Dive Back Into Work and School With These 5 Key Goal-Setting Elements! | By Jennifer Britton

Penguins Diving into Sea representing Diving Back into Goal-Setting

As the summer draws to a close for those of us in the northern hemisphere, people are gearing up for back to school and work. It's a great time to be working with our clients on goals—and whether you are an individual, team or group coach, goal-setting is a foundational piece of our work with coaching clients.

This article explores five key elements of goal-setting.

Here are my 5 Key Elements of Goal-Setting

1) Which Goal-Setting Framework?

Many of us work with our clients around SMART Goals, goals which are Specific, Measurable, Achievable, Relevant or Resonant and Time-bound. SMART goals allow clients to articulate goals which are more detailed, and therefore easier to track progress on.

There are several other goal-setting frameworks out there, One I enjoy is what John Whitmore describes in his seminal book Coaching for Performance, as PURE goals. PURE stands for Positively stated, Understood, Relevant  and Ethical.

For some, goals may be enshrined in a one page action plan. In organizations goals may be part of a development plan that's shared with the client's consent. So consider with your clients which goal-setting frameworks will support them best. Their own style will have an influence on the type of goal framework they may wish to adopt.

And motivation is essential. Regardless of goal-setting framework it is important to explore with clients the issue of motivation. We can be motivated by internal or external things, so what's the "driver" for achieving this goal?

How will you support your clients to connect with the motivational factor of the goal, or what I call SMART-E, where E is the excitement that supports clients as they move through the peaks and when they hit the slump.

Remember: When goal-setting, work with clients to connect their goals with their values and the importance of achieving them in the bigger picture.

Love goal setting? Get our Complete Guide to SMART Goals (with Special .PDF Report!) here >>

2) Goal Timelines

What's the timeline on this? Is this a short term goal, medium or long-term? Goals can change dramatically based on the timeframe provided.

When goal-setting, it can be seductive to always work on short term goals that create quick wins. But sadly, many times these become a rote checkbox activity.

Instead, supporting clients to link their goals to their values and the WHY behind it, is important. For medium and long term goals, what will be motivational for the client over time?

It's also important to work with clients on updating their goals as context changes and key goals are achieved.

Consider: You may want to build in goal checkpoints throughout the coaching process.

3) Goal Visibility

Make goals visible.

Keeping goals visible can help to remind our clients of what they have identified as important. What is the structure which will keep their goals visible in a way that works best? Is it a post-it note on their screen, a photo on their phone or something else?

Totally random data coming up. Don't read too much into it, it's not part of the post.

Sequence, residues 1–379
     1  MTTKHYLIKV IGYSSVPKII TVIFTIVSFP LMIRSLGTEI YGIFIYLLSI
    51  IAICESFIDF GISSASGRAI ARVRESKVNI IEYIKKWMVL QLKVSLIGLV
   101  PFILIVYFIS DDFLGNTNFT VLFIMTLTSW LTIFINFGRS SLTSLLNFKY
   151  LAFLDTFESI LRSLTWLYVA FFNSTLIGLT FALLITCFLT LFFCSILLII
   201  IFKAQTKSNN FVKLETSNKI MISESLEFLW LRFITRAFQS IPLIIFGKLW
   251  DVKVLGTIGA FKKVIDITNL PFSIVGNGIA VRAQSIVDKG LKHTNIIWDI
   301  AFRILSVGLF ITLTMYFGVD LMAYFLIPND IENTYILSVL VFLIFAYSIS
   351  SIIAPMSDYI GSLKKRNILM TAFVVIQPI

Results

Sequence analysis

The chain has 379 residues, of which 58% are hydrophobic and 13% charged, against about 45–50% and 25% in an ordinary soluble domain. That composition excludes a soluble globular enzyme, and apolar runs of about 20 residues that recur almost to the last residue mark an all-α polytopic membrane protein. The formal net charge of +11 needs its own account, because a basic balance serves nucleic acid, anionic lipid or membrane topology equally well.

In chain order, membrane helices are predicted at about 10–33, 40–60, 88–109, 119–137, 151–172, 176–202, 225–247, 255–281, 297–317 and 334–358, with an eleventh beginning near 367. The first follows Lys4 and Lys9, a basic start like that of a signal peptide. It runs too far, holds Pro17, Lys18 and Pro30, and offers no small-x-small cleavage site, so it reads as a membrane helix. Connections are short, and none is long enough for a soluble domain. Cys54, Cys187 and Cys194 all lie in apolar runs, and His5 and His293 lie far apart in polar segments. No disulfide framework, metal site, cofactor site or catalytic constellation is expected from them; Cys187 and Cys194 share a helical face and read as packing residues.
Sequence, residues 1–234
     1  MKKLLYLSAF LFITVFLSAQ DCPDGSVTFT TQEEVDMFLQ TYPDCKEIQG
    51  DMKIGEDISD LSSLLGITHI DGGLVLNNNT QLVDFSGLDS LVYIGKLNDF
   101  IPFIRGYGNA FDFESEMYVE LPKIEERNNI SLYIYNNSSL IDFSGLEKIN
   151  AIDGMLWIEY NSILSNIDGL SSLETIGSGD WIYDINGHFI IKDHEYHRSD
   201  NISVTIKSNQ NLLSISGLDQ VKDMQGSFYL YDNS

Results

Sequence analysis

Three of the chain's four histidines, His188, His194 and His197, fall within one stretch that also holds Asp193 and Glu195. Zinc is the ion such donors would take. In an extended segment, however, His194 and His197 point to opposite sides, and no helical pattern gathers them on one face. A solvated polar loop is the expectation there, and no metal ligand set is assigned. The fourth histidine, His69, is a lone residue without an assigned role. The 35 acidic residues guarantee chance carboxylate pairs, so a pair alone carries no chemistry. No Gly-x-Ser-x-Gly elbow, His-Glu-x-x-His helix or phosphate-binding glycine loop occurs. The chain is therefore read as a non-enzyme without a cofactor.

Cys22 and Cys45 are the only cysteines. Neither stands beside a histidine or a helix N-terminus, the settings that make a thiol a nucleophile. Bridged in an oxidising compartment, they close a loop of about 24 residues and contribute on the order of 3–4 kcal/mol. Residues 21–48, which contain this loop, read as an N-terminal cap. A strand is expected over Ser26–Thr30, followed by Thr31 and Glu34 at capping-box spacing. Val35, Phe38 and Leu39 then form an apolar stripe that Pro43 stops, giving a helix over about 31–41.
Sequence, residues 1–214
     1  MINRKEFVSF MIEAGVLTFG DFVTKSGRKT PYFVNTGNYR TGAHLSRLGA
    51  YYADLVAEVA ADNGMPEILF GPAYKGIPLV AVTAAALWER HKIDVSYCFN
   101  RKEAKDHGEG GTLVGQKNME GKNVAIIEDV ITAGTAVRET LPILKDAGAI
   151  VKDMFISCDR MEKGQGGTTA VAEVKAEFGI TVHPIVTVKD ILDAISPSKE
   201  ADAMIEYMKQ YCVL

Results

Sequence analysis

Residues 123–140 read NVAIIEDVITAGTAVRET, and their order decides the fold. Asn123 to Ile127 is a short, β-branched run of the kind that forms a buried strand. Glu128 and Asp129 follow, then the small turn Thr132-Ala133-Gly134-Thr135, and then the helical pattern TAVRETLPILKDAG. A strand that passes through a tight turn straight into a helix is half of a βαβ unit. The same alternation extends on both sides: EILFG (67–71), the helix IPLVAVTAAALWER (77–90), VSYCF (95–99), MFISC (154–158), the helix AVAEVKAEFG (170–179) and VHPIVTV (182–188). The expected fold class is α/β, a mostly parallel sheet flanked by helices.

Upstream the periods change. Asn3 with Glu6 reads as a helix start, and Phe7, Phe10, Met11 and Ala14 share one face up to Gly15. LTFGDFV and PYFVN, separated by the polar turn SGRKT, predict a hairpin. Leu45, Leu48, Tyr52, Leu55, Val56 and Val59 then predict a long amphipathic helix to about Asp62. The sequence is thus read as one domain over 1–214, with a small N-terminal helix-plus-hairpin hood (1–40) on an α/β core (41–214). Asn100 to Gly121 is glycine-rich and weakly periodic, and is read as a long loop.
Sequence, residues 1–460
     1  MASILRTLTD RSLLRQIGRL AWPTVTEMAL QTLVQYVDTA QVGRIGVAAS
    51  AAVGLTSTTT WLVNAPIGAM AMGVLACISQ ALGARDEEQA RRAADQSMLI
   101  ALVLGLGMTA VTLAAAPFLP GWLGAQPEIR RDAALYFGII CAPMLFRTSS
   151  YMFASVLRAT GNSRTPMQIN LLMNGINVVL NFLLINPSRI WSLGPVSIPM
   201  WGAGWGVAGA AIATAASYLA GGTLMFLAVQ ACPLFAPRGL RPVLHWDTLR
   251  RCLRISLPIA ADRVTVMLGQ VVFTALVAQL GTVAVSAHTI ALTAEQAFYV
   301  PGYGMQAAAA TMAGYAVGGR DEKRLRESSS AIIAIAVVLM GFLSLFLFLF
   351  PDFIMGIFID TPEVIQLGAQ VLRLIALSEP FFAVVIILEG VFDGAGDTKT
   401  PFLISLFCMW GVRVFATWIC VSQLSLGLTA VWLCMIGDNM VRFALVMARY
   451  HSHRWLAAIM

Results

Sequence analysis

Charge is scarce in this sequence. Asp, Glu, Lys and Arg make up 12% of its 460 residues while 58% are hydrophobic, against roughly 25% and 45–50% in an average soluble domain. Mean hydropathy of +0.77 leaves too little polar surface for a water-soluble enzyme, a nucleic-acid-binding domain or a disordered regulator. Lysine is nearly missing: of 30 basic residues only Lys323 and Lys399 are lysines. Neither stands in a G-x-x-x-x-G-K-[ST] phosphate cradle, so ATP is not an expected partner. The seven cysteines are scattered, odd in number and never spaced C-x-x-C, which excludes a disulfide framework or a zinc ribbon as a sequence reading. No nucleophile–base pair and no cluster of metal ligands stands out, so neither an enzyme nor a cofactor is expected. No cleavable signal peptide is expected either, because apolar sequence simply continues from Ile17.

Consider: When you're goal-setting, inquire with your client about what structure will keep this top of mind for them.

4) Accountability and Support

In the book The Oz Factor, authors write, "Accountability is the guiding principle that defines how we make commitments to one another, how we measure and report our progress how we interact when things go wrong, and how much ownership we take to get things done. It is, in essence, the nerve center that runs throughout every part of the organization and through every working relationship to every member of every team."  The Oz Principle

Who will the person be accountable toyou? Others? In achieving this goal what do other people need to say Yes or No to? How does your client want to be supported? Do they want their feet held to the fire, or do they want a high five?

Remember: Build accountability into goal-setting—it's a key part of the coaching process.

5) Celebration and Recognition

Celebration and recognition of goal achievement is important, especially for large goals.

In today's busy work world, we may not stop and pause and recognize our accomplishments. It's very common for teams and leaders to check the box and move onto the next goal without taking the time to capture new learning, and what can be applied to future projects.

And in addition to supporting learning, celebrating achievements helps us connect with the WHY and value of each goal.

Consider: How will you build in celebration and recognition of goals with your clients?

Wrap-up

Your Pondering Question: How can these five elementsGoal-Setting Frameworks, Goal Timelines, Goal Visibility, Accountability and Support, and Celebration and Recognition amp up your next coaching conversationand results for your clients?

Jennifer BrittonContributing author: Jennifer Britton's book Effective Group Coaching was the first book in the world to be published on the topic of group coaching. Celebrating its 15th year, Jennifer's Group Coaching Essentials and Advanced Group and Team Coaching Practicum programs have become known as the must-do training in the area of group coaching. Focused on providing coaches with best practices in designing, marketing and implementing group coaching, the program has helped hundreds of coaches launch their own group and team coaching programs in a wide variety of settings. Together both courses are approved for 18.75 CCEs with the ICF - learn more here.

If you liked this article on goal-setting and back-to-school, you may also like:

Image of Penguins diving off iceberg into water by NaturesMomentsuk via Shutterstock

Leave a Reply

Your email address will not be published.